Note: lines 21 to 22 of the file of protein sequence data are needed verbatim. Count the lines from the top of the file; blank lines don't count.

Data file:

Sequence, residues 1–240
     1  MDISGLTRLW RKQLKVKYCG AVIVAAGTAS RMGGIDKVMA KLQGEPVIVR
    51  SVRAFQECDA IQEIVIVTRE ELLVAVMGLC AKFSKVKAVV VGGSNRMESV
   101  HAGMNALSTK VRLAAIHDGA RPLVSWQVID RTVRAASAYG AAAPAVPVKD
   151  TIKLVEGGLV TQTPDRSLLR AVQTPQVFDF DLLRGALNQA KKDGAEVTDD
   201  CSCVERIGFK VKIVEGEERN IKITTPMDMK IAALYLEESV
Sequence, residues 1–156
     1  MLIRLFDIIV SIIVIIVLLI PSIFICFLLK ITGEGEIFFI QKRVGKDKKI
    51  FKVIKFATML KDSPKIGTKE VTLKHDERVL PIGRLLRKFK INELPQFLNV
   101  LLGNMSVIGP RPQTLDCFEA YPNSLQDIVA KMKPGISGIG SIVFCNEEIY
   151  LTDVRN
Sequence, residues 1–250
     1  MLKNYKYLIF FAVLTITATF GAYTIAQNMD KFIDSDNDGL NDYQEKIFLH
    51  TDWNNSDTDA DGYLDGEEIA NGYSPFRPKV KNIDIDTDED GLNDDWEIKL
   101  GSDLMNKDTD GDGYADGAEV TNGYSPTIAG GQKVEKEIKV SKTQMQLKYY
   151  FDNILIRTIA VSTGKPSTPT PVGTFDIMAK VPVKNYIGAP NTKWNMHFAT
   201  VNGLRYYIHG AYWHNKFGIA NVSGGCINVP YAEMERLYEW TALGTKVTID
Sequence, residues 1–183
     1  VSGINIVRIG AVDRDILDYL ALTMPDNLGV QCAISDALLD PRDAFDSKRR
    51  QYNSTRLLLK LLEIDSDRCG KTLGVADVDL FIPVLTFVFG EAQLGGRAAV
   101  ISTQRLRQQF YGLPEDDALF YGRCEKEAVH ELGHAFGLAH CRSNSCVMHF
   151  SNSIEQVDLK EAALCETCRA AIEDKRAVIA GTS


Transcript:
   101  ISTQRLRQQF YGLPEDDALF YGRCEKEAVH ELGHAFGLAH CRSNSCVMHF
   151  SNSIEQVDLK EAALCETCRA AIEDKRAVIA GTS